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Looking to try some delicious oyster recipes from home that anyone in the family would enjoy? Here’s a great starter series of simplified versions of classic oyster recipes to satisfy any type of oyster eater.
Not only do oysters taste great, they are nutritious. They are packed with protein, omega-3 fatty acids, vitamins, minerals, and antioxidants. And while they are healthy for consumers, they also help to support a healthy watershed. Oysters fill many roles in supporting a healthy ecosystem such as filtering water, providing habitat for local fish, and reducing the effects of shoreline erosion. Now when you enjoy these recipes, think of all the good you are doing for your body and the environment!
These are recipes I have gathered over the past few years working at various oyster farms and during my time researching them at the University of Maryland Center for Environmental Science. If you are new to bringing oysters home and are unsure how to shuck oysters, check out these helpful videos on how to shuck oysters and a trick for simplifying the shucking process.
I started making this recipe when my fiancé and I were working at an oyster farm together. We would take some of the oysters that were too large to sell and eat raw and make this recipe for a quick lunch. Since then, this has been a recipe that I use to share with friends and family who have never tried oysters or are nervous about the texture or appearance of a raw oyster. I have converted many skeptics in the past and I hope that you enjoy these as well. The seasoning for the breadcrumb flour mixture is very flexible and can be personalized to your taste.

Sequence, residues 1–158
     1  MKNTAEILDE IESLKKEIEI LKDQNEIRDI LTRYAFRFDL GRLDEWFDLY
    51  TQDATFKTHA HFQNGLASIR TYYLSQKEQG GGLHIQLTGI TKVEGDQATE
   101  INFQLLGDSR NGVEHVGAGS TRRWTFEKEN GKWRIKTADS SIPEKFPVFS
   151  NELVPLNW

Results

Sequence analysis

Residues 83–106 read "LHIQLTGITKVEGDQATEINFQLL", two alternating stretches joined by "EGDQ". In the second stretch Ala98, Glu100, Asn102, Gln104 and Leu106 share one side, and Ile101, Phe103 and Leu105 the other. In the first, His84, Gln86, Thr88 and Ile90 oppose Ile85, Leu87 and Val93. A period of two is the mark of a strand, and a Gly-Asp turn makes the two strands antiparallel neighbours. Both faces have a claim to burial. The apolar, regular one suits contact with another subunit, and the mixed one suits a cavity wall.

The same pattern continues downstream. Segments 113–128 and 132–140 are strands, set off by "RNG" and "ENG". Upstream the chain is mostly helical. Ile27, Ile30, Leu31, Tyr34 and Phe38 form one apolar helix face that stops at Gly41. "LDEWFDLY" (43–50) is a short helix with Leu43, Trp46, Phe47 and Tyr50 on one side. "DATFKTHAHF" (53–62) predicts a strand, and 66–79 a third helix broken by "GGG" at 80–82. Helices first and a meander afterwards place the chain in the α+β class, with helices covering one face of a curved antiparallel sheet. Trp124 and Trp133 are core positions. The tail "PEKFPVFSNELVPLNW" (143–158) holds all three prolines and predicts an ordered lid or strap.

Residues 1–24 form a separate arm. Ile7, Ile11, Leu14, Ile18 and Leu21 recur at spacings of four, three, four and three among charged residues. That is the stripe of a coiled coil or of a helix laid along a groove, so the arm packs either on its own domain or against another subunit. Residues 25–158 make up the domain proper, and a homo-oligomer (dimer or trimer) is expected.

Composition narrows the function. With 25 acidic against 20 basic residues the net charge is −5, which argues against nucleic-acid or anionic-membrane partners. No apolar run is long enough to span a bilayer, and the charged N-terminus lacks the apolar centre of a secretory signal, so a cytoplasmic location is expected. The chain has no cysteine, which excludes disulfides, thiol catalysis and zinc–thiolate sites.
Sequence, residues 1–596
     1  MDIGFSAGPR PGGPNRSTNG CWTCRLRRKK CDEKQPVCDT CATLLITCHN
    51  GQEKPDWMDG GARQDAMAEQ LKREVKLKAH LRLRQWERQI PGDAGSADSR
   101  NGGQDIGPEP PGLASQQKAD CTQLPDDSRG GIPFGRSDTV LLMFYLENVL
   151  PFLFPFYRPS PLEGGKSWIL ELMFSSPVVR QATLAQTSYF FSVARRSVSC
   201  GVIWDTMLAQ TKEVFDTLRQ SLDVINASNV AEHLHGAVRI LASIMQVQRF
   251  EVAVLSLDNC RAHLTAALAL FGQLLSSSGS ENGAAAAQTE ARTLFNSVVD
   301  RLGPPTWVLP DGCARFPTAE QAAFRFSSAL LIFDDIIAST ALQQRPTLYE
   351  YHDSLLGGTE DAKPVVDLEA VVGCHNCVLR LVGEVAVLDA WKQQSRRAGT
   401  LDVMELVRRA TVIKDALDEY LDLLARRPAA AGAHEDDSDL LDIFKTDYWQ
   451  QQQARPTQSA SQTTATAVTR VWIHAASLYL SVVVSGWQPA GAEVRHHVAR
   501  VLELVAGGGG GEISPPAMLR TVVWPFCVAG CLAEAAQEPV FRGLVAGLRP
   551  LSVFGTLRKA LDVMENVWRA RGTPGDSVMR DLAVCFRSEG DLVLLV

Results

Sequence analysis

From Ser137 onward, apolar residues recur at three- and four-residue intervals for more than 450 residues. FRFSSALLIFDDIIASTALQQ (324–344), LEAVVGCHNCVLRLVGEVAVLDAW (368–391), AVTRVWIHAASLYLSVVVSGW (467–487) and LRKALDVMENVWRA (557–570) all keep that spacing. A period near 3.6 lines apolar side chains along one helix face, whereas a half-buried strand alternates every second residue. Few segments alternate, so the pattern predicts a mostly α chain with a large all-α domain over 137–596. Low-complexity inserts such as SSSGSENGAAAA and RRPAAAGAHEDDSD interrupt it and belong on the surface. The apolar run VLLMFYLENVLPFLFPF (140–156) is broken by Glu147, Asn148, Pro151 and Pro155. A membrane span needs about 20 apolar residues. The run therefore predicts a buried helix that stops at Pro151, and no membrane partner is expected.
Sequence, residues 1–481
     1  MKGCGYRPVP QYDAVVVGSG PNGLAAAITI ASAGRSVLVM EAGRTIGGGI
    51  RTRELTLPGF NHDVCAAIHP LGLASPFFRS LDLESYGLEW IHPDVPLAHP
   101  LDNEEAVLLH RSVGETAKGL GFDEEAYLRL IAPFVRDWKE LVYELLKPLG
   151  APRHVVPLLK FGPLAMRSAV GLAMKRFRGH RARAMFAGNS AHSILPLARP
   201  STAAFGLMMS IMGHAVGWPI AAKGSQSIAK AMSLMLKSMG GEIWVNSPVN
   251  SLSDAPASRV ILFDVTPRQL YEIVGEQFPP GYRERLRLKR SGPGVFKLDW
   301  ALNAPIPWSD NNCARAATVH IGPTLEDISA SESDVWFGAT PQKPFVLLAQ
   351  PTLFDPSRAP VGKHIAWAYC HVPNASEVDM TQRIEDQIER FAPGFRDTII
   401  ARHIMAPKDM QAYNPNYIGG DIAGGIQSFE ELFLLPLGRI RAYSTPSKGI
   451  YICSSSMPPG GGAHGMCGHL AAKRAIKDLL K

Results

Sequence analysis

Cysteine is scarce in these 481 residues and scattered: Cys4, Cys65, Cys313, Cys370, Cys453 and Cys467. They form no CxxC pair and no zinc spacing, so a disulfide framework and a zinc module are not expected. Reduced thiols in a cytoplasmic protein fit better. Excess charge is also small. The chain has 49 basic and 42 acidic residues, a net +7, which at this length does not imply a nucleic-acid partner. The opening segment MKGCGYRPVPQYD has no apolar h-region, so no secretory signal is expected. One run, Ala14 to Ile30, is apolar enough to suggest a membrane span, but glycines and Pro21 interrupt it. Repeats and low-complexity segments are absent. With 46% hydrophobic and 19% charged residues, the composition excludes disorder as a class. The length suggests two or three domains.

Old Bay Aioli Ingredients:
Old Bay Aioli Preparation:
This is a simplified version of the traditional oyster Rockefeller recipe. It includes all the typical components but with a drastically reduced prep time. It also looks amazing on the plate! The mixture can be made ahead of time and stored refrigerated or frozen. I have also used any extra mixture I had left over for pasta and chicken dishes as a pesto alternative.
Mignonettes are great complements to the natural merroir, or local flavor, of oysters. They add a touch of acidity to the oyster liquor and add some extra flavor and are a great topping option to raw oysters. Unlike a typical mignonette recipe, I have added some shredded carrot to help hold onto the liquid better. Radishes can also be used instead of carrots depending on preference. I also want to strongly suggest the use of freshly cracked pepper if possible. The aroma of freshly cracked pepper does wonders for tying in the flavor of this mignonette, but if you do not have any, ground pepper will also work.
Photo, top left: A screen shot from the video highlighting how to prepare mignonette showing the completed dish. Credit: Brendan Campbell / UMCES
All videos shot by Brendan Campbell / UMCES and produced by Logan Bilbrough / MDSG